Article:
The unique geographical position of Bangladesh, a low-lying delta, makes the country severely vulnerable to climate change. The people - whether they live in the coastal area in the south, in the north, or even in the capital Dhaka - are subject to the significant risk posed by climate change.
Climate change is not only about floods and cyclones. It is changing our weather pattern: between 1976 and 2019, Bangladesh had a 0.5°C increase in temperature. From analysing monthly temperature data, we see that summers are getting hotter and longer, and winters are becoming warmer. The monsoons are being extended from March to October. Known as a country with six seasons, Bangladesh's distinct seasonal variations are becoming blurred.
And the changing weather pattern and seasonality are impacting our physical and mental health. The World Bank's recent report 'Climate Afflictions' explored the linkage between climate change and infectious diseases and mental health issues. The report finds that climate change is leading to an increase in the spread of respiratory, waterborne, and mosquito-borne diseases as well as mental health issues.
Take the case of the 2019 dengue outbreak in Dhaka, when 77 percent of the country's total dengue-related deaths occurred in the capital. Erratic weather conditions had a direct hand behind the spread of the disease. That year, Dhaka recorded 115 millimetres of rain in February, which was the highest ever recorded for the city since 1976. The summer months between March and July had a high temperature and humidity, which created ideal conditions for mosquito breeding.
Analysis of weather data for Dhaka indicates humidity levels are falling, temperature is rising, and rainfall is increasing in the summer months. These climatic changes, along with factors like urbanisation, travel, and demographic change that affect the spread of mosquitoes, are likely to increase the risk of dengue outbreaks in Dhaka in the future.
So, how is the mental health of people faring through climate change?
New evidence from Bangladesh shows that the weather influences anxiety and depression. In the dry season, for example, people are less anxious but more depressed than in the monsoon. Anxiety increases with a rise in temperature and humidity. Further, women are at higher risk than men for depression, while men are more susceptible to anxiety.
Not only gender but locations also matter when it comes to mental health issues. In Dhaka and Chattogram, prevalence of depression and anxiety are 16 percent and 31 percent respectively, higher than the national average. With climate change expected to worsen, mental health problems are likely to increase.
What do these all imply?
Climate change is not a problem for the future; it is already happening in Bangladesh. The more the climate changes, the more physical and mental health issues are likely to emerge. Mental health issues are often associated with stigma and overlooked. It is important to mainstream mental health issues through improved assessments and facilitating means to address the shortcomings.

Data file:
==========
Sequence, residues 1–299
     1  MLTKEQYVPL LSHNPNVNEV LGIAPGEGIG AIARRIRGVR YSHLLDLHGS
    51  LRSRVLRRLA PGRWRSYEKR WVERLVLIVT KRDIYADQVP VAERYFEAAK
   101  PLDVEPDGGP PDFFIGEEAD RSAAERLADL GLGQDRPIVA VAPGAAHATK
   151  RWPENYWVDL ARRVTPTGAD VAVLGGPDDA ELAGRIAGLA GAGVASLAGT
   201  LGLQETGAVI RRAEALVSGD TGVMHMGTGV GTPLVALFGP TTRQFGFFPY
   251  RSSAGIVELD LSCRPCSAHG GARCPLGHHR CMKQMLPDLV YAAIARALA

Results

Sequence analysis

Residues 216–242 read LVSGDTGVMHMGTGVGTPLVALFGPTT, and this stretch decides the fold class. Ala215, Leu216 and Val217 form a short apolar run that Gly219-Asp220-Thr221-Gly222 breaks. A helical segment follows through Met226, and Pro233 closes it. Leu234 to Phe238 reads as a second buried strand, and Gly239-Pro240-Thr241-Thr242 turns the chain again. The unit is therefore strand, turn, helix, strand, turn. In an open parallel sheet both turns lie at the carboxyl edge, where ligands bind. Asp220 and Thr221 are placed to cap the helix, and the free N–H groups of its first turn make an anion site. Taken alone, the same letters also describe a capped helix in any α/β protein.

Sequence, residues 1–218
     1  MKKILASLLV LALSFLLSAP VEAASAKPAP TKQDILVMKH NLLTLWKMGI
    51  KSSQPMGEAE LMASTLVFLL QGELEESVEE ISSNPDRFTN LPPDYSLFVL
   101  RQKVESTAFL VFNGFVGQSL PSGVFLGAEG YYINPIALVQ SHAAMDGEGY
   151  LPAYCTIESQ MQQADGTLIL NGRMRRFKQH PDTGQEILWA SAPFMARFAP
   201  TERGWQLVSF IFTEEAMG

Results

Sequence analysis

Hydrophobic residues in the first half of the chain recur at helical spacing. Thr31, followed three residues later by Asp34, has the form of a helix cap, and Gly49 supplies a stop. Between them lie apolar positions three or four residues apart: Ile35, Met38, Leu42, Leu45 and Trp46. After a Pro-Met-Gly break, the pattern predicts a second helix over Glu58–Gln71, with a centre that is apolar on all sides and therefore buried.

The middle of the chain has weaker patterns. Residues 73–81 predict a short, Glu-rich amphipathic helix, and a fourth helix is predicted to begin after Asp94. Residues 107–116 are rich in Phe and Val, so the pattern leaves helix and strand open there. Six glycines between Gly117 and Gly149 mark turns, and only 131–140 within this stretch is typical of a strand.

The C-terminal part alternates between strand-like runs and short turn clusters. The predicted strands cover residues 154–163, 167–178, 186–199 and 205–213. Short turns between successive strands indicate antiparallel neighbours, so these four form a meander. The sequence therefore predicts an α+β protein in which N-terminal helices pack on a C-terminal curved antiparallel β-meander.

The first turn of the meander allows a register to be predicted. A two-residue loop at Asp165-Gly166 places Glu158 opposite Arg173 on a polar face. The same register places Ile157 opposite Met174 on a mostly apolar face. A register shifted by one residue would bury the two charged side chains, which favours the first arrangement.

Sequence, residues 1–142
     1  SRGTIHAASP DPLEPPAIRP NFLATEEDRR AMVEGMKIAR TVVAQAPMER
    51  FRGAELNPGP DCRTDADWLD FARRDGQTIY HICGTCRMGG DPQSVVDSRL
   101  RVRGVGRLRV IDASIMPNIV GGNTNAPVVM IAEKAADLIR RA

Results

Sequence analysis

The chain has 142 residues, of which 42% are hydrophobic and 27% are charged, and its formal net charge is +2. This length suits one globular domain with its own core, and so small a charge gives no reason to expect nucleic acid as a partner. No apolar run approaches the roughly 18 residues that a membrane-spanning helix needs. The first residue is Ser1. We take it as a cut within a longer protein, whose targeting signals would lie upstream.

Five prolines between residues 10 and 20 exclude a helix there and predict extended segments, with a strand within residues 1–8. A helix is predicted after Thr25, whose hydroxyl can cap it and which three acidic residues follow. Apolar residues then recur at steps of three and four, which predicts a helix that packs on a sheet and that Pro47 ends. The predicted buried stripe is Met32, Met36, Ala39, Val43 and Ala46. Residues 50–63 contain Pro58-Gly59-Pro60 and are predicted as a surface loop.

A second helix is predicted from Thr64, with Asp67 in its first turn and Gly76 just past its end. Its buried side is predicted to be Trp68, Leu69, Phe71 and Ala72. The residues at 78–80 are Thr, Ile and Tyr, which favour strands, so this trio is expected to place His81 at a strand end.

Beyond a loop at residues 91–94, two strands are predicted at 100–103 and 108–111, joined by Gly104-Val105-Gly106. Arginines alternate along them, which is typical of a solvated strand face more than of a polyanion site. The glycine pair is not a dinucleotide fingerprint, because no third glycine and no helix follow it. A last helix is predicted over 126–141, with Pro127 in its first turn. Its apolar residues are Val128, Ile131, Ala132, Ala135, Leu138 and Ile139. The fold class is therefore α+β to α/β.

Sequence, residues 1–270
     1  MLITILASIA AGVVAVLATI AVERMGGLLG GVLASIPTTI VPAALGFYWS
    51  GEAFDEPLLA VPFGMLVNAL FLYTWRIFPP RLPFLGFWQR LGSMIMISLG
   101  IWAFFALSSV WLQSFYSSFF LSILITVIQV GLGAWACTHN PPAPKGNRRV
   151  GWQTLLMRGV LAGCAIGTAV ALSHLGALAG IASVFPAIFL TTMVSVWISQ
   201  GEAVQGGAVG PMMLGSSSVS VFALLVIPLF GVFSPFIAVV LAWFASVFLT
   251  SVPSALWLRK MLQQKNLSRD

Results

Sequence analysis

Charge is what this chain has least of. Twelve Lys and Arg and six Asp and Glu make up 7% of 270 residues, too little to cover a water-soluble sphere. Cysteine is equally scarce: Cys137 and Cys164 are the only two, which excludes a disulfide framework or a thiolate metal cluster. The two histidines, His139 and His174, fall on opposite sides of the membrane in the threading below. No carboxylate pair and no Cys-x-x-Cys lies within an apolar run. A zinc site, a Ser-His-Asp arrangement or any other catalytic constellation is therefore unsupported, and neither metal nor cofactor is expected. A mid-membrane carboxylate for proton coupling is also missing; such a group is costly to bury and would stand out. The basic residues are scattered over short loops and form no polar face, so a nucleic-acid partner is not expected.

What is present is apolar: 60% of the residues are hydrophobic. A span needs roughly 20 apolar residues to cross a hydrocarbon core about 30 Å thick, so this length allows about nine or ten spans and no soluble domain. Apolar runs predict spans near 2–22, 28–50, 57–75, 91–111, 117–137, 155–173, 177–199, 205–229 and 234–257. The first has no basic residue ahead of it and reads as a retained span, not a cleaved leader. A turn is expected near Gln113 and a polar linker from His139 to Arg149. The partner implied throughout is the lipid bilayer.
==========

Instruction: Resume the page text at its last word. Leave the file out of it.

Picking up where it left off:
The focus should be on both prevention services and treatment, and with a priority given to the most vulnerable, such as the elderly people with disabilities and poor people. Also, it is critical to take a more gender-sensitive approach as men and women react differently to mental health issues.
The time to act is now – climate actions cannot be delayed. It is important to ensure the adequacy of response mechanisms for better adaptation to the effects. So it is equally important to trace the evolution of climate-sensitive diseases using more localised weather information and strengthening disease surveillance.
For this, the country needs to increase capacity to record accurate weather data at a more localised and granular level and link it to health data. The country can remain better prepared by strengthening disease surveillance and establishing a climate-based dengue early warning system, which will use weather data to predict potential disease outbreaks. Bangladesh also needs to remain prepared with a stronger health system that would avert outbreaks of emerging climate-sensitive diseases.
This month, the global leaders gathered at COP26 in Glasgow with the aim to deliver the promises of the Paris Agreement. Honourable Prime Minister Sheikh Hasina is a strong leading voice in COP26 advocating for the countries most threatened by climate change. Earlier, her climate leadership and the Mujib Climate Prosperity Decade Plan 2021-2030 received praise at the 4th CVF-COP26 Dialogue in London.
As Bangladesh has led the way in adaptation and disaster preparedness, we believe that with timely climate actions to make the health sector resilient to climate shocks, Bangladesh will once again lead the way towards a green, resilient and inclusive recovery.
Mercy Tembon is the World Bank Country Director for Bangladesh and Bhutan